Saturday, October 23, 2004

843 ex-soldiers fail to report for Army duty

843 ex-soldiers fail to report for Army duty
WASHINGTON (AP) -- More than 800 former soldiers have failed to comply with Army orders to get back in uniform and report for duty in Iraq or Afghanistan, the Army said Friday. That is more than one-third of the total who were told to report to a mobilization station by October 17.
Three weeks ago the number stood at 622 amid talk that any who refused to report for duty could be declared Absent Without Leave. Refusing to report for duty normally would lead to AWOL charges, but the Army is going out of its way to resolve these cases as quietly as possible.
In all, 4,166 members of the Individual Ready Reserve have received mobilization orders since July 6, of which 2,288 were to have reported by October 17. The others are to report in coming weeks and months.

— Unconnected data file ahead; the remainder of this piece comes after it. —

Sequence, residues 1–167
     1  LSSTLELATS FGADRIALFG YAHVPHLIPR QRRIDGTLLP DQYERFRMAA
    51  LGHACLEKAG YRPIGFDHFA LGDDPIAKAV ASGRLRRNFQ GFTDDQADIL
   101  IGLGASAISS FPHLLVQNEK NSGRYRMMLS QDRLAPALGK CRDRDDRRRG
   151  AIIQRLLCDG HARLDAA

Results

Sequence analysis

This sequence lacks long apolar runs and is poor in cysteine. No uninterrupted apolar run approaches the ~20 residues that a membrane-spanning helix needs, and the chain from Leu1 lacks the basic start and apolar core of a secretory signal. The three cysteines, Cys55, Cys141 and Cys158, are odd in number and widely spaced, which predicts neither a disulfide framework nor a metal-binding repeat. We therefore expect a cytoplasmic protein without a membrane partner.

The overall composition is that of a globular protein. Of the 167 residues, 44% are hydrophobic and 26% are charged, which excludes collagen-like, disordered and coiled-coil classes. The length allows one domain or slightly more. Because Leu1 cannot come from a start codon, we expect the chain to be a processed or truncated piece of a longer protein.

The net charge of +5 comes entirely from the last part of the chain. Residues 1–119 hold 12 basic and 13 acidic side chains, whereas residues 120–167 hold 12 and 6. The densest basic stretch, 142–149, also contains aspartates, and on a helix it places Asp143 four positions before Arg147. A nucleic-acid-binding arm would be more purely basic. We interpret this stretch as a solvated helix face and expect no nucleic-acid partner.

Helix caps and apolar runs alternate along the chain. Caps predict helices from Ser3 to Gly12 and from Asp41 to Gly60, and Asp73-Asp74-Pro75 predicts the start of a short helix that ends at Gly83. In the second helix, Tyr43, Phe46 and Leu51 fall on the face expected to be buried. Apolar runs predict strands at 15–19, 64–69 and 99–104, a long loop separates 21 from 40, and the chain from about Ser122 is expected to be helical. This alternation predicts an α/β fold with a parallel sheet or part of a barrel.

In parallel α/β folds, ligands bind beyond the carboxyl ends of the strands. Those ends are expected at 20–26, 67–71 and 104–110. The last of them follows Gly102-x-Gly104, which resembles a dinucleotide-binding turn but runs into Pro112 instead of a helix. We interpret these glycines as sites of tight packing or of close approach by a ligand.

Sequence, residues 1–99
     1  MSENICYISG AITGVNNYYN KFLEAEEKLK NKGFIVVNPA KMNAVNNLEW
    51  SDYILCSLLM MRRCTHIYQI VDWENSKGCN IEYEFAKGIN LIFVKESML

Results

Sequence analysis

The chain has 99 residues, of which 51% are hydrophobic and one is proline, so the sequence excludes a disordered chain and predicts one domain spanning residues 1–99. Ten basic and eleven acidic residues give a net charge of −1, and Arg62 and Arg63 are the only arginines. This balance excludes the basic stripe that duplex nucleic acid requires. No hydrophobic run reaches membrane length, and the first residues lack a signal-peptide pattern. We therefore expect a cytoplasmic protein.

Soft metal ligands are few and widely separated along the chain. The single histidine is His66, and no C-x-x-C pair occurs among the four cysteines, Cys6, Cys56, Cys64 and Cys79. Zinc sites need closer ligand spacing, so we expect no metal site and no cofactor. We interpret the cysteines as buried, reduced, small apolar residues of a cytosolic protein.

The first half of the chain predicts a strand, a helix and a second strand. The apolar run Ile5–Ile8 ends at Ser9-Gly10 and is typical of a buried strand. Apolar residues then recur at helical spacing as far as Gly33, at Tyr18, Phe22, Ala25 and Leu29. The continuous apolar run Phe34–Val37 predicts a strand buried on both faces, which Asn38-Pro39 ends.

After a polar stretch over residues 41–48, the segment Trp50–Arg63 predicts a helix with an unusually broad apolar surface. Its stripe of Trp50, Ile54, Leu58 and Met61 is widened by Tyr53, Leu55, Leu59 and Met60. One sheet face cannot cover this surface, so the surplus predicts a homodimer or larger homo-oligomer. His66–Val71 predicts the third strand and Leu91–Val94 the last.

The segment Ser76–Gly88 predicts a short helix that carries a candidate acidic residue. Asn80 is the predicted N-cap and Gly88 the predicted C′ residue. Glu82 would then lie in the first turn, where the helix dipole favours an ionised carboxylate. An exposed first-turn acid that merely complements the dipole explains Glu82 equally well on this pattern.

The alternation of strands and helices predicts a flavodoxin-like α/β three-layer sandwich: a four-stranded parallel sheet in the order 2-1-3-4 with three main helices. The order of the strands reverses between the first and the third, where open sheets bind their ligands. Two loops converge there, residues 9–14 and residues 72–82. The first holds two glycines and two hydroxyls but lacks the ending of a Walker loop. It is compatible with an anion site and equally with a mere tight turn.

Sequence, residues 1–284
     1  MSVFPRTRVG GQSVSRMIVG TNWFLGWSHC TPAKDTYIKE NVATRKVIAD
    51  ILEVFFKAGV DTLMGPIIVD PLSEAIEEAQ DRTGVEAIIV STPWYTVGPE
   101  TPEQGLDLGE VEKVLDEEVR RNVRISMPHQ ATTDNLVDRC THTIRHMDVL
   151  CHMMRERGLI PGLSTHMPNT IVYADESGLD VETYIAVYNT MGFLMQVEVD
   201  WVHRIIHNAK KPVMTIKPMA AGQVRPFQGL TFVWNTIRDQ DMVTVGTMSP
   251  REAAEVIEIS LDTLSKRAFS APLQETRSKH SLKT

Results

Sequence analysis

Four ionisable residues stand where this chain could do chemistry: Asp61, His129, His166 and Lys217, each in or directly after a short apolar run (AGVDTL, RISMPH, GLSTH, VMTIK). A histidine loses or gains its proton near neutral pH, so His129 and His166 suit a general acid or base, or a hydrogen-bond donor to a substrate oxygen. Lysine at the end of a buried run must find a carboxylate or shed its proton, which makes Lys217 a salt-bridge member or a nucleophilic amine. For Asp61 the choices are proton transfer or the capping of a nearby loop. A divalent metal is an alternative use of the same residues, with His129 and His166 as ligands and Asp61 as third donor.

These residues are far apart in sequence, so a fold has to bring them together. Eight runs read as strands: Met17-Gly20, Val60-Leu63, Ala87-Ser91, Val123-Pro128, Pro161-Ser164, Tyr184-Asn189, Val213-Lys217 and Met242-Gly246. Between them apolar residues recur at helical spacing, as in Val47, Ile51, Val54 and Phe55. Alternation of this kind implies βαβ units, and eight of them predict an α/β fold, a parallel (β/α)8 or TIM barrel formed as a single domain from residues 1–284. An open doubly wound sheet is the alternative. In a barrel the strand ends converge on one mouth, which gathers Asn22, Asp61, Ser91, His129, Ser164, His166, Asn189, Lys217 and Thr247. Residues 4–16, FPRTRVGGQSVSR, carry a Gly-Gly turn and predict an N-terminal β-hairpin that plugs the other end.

Of those due to have reported by now, 1,445 have done so, but 843 have neither reported nor asked for a delay or exemption. That no-show rate of 37 percent is roughly in line with the one-third rate the Army had forecast when it began the mobilization to fill positions in regular and Reserve units. By comparison, the no-show total of 622 three weeks ago equated to a 35 percent rate.
Of the 843, the Army has had follow-up contact with 383 and is seeking to resolve their cases, according to figures made public Friday. For the 460 others, "We are still working to establish positive contact," the Army said. Some may not have received the mailed orders.